There are those who claim (falsely) that leaving the E.U. will cost up to 3 million jobs. This myth grew out of report by the National institute of Economic and Social Research (NIESR) which concluded that 2.7 million jobs were connected with our trade with the E.U. and another 500,000 were indirectly linked. The report went on to say that “there is no a priori reason to suppose that many (jobs), IF ANY, would be lost permanently if Britain were to leave the E.U.
Many of those businessmen who argue for us to stay in the EU are the same people who claimed it was imperative for us to join the disastrous Euro.
The EU funded CBI and larger companies with lobbying offices in Brussels see the complex of EU rules and directives as a convenient barrier against smaller competitors. The UK has a strong history of entrepreneurial innovation.
This fact reinforced by Mr Fabrice Bregier, Airbus Chief Executive, stating (on 16/6/2015) that “R & D, design and manufacturing would remain in the U.K. whether the U.K. left the E.U. or not.
Lord Anthony Bamford (JCB) quoted as saying “U.K. would be better off out of the E.U. would enable company to become more competitive in global markets”.
16th March 2015 Think Tank Open Europe stating we pay E.U. countries £15 for every £1 we get back. (£55,000,000) a day is our membership cost.
E.U. Regulations cost businesses £33 billion a year, the 5 costliest:-
U.K. Renewable Energy Strategy £4.7 billion per year.
C.R.D.IV package £4.2 billion per year.
Working Time Directive £4.2 billion per year.
E.U. Climate and Energy Package £3.4 billion per year.
Temporary Agency Workers Directive £2.1 billion per year.
Belonging to the E.U. does not mean protecting UK employment. Some examples of our EU membership losing UK jobs:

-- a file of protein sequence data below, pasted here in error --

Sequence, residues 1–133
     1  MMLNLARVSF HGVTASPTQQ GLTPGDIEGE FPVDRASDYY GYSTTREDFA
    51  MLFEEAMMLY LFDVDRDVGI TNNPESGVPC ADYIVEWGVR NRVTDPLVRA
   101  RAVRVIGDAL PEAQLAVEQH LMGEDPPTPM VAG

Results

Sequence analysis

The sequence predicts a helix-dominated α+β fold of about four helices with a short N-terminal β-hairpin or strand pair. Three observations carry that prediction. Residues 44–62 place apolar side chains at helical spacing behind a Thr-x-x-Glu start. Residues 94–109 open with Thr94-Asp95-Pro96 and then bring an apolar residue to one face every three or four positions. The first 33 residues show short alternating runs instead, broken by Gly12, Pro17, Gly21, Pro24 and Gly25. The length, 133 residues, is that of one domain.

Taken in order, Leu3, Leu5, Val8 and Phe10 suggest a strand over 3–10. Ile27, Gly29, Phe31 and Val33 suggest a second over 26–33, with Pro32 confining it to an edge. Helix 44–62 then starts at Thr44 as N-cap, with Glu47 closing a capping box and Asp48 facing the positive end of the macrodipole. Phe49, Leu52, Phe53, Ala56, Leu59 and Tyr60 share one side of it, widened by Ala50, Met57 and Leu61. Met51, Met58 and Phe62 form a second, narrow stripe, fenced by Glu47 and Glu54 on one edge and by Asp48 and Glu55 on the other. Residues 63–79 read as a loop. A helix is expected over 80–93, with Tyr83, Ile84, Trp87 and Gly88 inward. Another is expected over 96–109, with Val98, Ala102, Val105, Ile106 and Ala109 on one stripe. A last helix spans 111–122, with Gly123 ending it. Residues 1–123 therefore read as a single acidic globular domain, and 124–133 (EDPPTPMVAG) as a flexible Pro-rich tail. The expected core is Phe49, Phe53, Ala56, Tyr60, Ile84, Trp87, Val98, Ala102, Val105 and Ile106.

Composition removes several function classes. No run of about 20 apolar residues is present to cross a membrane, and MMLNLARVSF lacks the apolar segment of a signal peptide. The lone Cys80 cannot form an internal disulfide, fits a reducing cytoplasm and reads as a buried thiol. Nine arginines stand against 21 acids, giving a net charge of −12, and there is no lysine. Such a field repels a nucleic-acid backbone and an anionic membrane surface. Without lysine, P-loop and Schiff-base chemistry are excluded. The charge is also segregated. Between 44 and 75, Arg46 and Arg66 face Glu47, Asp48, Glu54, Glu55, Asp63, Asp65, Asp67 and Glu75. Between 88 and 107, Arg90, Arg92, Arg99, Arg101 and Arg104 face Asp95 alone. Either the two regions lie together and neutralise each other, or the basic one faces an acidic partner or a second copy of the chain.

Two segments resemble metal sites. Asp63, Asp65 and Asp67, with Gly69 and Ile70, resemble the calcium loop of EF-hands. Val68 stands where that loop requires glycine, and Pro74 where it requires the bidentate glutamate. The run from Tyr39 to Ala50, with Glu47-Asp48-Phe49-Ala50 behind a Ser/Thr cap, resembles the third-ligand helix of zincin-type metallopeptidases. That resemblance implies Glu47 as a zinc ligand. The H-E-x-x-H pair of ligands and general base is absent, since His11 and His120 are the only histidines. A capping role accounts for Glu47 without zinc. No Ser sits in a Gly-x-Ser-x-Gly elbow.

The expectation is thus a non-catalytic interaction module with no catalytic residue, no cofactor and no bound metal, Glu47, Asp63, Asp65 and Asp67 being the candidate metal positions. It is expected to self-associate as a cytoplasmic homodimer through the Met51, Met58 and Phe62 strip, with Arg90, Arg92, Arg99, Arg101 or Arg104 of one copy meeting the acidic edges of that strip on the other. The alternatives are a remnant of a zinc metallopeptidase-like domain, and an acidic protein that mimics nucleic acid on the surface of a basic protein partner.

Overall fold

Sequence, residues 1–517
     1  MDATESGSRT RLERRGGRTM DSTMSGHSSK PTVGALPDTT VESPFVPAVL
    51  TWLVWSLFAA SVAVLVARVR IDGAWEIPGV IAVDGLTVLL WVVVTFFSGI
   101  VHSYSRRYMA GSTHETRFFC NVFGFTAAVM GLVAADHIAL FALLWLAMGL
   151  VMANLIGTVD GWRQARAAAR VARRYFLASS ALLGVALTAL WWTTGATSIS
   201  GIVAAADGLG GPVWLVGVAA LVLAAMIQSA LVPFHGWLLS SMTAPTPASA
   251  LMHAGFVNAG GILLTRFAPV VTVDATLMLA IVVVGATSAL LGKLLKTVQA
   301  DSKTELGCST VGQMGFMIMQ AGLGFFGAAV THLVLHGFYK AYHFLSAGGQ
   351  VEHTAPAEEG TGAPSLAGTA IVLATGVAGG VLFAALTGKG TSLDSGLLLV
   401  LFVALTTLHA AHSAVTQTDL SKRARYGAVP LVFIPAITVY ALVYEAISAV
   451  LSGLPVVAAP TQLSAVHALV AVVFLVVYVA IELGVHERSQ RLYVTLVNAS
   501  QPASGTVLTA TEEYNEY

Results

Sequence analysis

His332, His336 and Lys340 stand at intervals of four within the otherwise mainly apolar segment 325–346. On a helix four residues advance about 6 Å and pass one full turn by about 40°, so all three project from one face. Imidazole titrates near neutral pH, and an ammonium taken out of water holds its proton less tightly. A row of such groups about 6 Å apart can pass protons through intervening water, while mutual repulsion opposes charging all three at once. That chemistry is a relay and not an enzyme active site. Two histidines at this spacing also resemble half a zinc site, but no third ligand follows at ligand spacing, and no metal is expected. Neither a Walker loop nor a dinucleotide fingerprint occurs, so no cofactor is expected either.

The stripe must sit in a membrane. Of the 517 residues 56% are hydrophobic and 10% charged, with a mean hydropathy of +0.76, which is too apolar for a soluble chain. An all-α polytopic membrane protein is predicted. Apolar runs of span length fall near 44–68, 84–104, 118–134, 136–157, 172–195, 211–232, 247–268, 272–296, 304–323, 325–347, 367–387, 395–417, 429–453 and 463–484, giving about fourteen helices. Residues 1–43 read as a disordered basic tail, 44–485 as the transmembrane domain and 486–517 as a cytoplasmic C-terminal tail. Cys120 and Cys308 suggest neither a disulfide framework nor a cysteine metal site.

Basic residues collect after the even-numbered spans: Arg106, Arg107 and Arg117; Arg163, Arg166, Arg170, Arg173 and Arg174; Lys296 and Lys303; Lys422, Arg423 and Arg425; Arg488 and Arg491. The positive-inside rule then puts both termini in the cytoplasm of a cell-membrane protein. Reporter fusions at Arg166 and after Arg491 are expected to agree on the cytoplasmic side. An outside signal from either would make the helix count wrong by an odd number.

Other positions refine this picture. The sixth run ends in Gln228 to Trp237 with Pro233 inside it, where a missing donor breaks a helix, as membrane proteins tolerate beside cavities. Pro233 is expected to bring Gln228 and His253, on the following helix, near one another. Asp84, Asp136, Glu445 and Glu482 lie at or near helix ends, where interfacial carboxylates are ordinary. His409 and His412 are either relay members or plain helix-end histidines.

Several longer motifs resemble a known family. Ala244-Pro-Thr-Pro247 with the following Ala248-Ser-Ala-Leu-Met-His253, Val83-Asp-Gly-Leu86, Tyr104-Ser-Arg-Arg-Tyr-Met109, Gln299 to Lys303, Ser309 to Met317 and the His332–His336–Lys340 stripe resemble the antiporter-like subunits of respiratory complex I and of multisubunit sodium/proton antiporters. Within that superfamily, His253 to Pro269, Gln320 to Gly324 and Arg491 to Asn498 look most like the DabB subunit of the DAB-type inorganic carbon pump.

- In 2007 the Peugeot factory in Ryton, Coventry, closed and moved production to Slovakia. Peugeot applied for £14 million funding (to upgrade production line for new model) to the E.U. Central Bank, for 2 years. The result being the E.U. Central Bank ignored this request and pumped £78 million in subsidies into a new Peugeot factory in Slovakia, at a cost of 2,700 jobs direct and up to 5,000 jobs in the local supply chain.
- 2012 Swaling, Eastliegh, Southampton. Ford (U.K.) closed the Ford Transit factory having produced vans on the site since 1972. At its height this factory employed 4,500 workers plus many workers in the local supply chain. The factory in Dagenham also closing with the loss of 750 jobs. Production moved to Turkey (non-E.U.) with the help of £80 million from the E.U. investment bank.
- 2013 The sale of Royal Mail and post office closures a direct result of the E.U. Postal Services Directive, up to 1,300 jobs being lost (and loss of service).
The recent sale of Cadbury’s to the U.S. owned Kraft is another example of UK jobs being lost as a result of production moving into mainland E.U. (this despite assurances that no job losses would be incurred). The salt in the wound being the £7 billion lent by R.B.S to Kraft to fund the takeover (the bank 84% owned by the British taxpayer).